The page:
|Posted:||January 15, 2015 12:49 PM|
|From:||Representative Seth M. Grove|
|To:||All House members|
|Subject:||Overhaul of the School Construction Reimbursement (PlanCon) Program to Help our School Districts|
|In the near future, I plan to reintroduce legislation (former HB 2124) addressing the challenges which have developed in the commonwealth’s process of reimbursing school districts on their construction costs. These challenges have developed and escalated over a period of years. This legislation amends the Public School Code to provide a more modern, simplified and financially sustainable process of reimbursement. The changes in this legislation will address the backlog for school district’s current construction projects and future construction projects awaiting reimbursement from the commonwealth.
When a school district undertakes a major construction project and seeks reimbursement from the commonwealth, a process known as PlanCon is initiated. PlanCon, an acronym for Planning and Construction Workbook, is a set of forms and procedures used by school districts to apply for reimbursement.
The PlanCon process, which is not in statute, is overly cumbersome for school districts and requires PA Department of Education (PDE) approval at 11 separate stages. The process is full of antiquated requirements, exemplified perfectly by a rule still on the books which mandates the submission of plans and bid specifications on microfilm.
As you may be aware, in the 2012-13 fiscal years, PDE was approximately $20 million short of being able to reimburse all approved projects; if the school districts were to file updated paperwork on those projects. Additionally, according to a report from PDE in 2013, of 354 projects moving through the process prior to reimbursement 166 projects should have been approved for reimbursement. Due to fiscal constraints, these projects were being deliberately bottlenecked in the process by PDE at the last stage before reimbursement payments from the commonwealth would begin. According to a second PDE report, by 2014 more than 200 projects were being deliberately bottlenecked prior to the reimbursement stage.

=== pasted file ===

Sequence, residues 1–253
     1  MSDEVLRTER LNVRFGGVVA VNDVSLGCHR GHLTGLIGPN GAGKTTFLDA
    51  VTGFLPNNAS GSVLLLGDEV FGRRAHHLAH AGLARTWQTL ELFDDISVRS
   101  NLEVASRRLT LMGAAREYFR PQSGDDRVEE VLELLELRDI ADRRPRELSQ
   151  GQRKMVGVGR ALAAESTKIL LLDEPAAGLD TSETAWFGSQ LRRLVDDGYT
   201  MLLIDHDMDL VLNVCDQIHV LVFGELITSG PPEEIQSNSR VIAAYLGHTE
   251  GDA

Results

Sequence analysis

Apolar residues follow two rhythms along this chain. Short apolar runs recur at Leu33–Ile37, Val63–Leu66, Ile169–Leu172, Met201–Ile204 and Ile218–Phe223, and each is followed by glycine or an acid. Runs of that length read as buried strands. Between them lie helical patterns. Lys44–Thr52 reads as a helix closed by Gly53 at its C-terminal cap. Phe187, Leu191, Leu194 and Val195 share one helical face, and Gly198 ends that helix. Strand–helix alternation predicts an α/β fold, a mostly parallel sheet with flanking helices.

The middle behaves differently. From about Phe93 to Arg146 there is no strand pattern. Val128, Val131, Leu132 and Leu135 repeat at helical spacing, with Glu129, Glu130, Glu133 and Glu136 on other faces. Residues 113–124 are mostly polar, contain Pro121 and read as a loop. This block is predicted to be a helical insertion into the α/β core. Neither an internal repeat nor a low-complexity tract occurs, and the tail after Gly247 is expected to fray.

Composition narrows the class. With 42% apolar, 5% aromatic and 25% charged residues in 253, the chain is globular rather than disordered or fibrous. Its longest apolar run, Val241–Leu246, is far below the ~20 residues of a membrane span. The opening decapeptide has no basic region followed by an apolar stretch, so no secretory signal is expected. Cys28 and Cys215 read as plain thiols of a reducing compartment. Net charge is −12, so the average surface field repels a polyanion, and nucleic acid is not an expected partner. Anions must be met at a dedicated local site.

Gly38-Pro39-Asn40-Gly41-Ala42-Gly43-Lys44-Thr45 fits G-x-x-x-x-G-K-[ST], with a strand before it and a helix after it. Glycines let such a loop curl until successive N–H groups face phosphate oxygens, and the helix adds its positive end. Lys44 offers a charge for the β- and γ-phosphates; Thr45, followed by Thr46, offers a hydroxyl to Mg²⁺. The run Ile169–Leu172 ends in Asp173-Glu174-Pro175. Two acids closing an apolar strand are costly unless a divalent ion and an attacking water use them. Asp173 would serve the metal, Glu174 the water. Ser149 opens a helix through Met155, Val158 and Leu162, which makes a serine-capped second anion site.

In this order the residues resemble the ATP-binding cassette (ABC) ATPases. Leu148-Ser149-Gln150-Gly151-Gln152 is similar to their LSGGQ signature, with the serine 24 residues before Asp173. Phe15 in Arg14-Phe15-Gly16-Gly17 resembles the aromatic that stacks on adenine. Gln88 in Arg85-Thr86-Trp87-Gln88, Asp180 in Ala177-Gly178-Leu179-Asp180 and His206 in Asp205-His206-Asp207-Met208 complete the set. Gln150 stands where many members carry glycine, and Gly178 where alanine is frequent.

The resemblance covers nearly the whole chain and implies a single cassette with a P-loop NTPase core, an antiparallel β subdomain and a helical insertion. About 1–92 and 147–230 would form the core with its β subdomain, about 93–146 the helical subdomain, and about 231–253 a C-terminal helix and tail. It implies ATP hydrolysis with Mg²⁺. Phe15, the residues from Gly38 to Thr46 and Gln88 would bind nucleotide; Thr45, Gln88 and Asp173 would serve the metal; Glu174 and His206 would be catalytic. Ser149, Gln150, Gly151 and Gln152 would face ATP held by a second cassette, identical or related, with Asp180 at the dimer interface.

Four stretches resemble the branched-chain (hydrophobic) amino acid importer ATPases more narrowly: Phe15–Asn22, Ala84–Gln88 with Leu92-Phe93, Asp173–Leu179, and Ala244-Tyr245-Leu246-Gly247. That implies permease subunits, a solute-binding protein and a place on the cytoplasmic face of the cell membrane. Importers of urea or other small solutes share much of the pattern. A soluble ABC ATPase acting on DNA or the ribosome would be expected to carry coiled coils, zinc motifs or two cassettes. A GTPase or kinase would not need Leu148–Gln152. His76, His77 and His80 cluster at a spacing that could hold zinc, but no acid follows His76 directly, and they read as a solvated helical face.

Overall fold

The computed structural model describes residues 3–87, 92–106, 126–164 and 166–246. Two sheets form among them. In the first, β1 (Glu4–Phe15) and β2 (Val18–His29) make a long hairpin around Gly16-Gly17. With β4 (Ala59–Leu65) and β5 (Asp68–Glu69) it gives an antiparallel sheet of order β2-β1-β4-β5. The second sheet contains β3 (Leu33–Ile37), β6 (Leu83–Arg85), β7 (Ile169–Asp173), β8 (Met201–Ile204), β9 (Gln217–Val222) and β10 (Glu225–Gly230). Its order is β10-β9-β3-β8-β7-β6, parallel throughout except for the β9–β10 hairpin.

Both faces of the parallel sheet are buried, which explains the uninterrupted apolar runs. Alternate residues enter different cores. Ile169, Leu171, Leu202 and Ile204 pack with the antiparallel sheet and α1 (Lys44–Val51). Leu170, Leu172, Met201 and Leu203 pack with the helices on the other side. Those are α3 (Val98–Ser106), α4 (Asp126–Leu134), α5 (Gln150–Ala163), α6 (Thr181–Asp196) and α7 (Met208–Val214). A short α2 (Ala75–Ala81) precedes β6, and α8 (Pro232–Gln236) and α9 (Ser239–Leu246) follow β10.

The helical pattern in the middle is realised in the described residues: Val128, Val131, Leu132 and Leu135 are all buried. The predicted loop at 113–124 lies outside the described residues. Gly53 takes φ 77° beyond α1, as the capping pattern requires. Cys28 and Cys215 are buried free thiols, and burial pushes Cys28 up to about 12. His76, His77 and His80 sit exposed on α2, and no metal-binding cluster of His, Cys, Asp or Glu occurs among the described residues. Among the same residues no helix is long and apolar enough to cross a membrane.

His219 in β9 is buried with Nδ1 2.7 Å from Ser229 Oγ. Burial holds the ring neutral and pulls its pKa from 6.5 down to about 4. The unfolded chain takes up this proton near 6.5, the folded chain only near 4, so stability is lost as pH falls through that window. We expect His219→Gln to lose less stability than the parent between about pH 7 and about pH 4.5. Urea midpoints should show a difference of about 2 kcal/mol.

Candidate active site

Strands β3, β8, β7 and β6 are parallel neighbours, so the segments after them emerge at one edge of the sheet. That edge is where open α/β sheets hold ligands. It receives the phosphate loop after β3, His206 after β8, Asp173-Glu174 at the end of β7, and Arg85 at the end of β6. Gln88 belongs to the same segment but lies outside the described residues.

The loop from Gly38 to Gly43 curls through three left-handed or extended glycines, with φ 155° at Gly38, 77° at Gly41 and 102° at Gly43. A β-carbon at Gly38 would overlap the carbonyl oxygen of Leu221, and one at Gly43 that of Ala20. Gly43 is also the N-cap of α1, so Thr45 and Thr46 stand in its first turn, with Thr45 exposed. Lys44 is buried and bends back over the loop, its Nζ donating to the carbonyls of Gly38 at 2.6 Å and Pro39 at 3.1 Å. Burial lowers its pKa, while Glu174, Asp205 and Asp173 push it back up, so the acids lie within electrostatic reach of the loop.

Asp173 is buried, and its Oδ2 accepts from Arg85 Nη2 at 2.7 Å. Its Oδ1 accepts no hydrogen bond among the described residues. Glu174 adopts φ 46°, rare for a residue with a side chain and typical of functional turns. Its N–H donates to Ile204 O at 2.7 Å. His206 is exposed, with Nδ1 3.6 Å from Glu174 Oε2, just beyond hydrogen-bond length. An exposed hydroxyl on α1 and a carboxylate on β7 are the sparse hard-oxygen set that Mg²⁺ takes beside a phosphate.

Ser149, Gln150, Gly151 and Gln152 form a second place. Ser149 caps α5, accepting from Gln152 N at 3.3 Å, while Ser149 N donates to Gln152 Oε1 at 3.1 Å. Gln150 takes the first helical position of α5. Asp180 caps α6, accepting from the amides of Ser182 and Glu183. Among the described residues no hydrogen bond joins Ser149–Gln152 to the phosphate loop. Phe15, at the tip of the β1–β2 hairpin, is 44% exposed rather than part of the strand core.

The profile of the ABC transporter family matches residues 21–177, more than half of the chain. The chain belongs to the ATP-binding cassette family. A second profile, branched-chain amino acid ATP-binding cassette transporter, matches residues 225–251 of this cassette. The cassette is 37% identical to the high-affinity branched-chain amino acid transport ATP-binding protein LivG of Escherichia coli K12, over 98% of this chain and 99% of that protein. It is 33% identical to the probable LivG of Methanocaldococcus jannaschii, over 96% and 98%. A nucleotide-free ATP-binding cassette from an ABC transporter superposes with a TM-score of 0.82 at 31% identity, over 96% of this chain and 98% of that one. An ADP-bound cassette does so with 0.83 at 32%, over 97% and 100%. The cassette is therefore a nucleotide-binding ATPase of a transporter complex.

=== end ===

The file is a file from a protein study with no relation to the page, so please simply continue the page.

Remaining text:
These challenges in the school construction reimbursement process have been escalating for years, beginning under the Rendell Administration. In response, the General Assembly imposed a moratorium preventing PDE from accepting any new applications for construction reimbursement for the 2012-13 and 2013-14 fiscal years. This action was meant as a temporary reprieve to allow PDE to begin catching up on reimbursements for the projects currently in the process, without additional projects continually being added to the backlog. Further action was taken by the General Assembly during the 2014-15 budget process when we led a successful effort to provide an additional $10 million to the line item, which funds PlanCon reimbursement. Furthermore, during the 2014-15 budget process, we included provisions in the Fiscal Code which were designed to empower PDE to distribute up to $70 million. PDE had been forced to set aside this money for years as multiple school districts had not submitted all required documentation necessary for reimbursement.
The efforts of the General Assembly in the 2014-15 budget, as well as PDE’s completion of reimbursement payments for older projects in the process, have had a positive impact on the beleaguered PlanCon process. According to information recently obtained from PDE, since early 2014 54 new projects have been approved for reimbursement and more than $38 million in payments have been distributed to school districts for these newly approved projects. PDE also expects to approve at least 5 more projects this fiscal year; with, potentially, an additional $38 million freed up so far using the Fiscal Code provision. Additionally, the number of projects in the process prior to reimbursement has declined from 354 to 290; although, numerous projects are still being deliberately held up in the process prior to the reimbursement stage due to financial constraints.
While the successes of the past year are encouraging, I believe the General Assembly must continue working to resolve the commonwealth’s school construction reimbursement challenges. To this end, my legislation would overhaul the reimbursement process. The highlights of my bill are as follows:
If you would like to join me in cosponsoring this legislation, please contact my legislative aide Jordan Grant via e-mail at firstname.lastname@example.org or by phone at (717-767-3947).
Introduced as HB210